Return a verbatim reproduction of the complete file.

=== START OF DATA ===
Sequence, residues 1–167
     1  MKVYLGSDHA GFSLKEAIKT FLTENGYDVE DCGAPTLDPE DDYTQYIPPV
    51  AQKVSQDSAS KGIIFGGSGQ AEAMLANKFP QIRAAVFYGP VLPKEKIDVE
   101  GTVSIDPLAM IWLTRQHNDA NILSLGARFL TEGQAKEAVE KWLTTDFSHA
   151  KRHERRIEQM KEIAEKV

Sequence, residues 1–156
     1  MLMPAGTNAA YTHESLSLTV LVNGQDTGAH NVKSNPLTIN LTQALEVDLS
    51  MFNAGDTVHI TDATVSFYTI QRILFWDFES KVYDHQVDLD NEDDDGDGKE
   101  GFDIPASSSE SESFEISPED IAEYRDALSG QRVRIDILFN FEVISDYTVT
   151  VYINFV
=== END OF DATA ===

Sequence, residues 1–167
     1  MKVYLGSDHA GFSLKEAIKT FLTENGYDVE DCGAPTLDPE DDYTQYIPPV
    51  AQKVSQDSAS KGIIFGGSGQ AEAMLANKFP QIRAAVFYGP VLPKEKIDVE
   101  GTVSIDPLAM IWLTRQHNDA NILSLGARFL TEGQAKEAVE KWLTTDFSHA
   151  KRHERRIEQM KEIAEKV

Sequence, residues 1–156
     1  MLMPAGTNAA YTHESLSLTV LVNGQDTGAH NVKSNPLTIN LTQALEVDLS
    51  MFNAGDTVHI TDATVSFYTI QRILFWDFES KVYDHQVDLD NEDDDGDGKE
   101  GFDIPASSSE SESFEISPED IAEYRDALSG QRVRIDILFN FEVISDYTVT
   151  VYINFV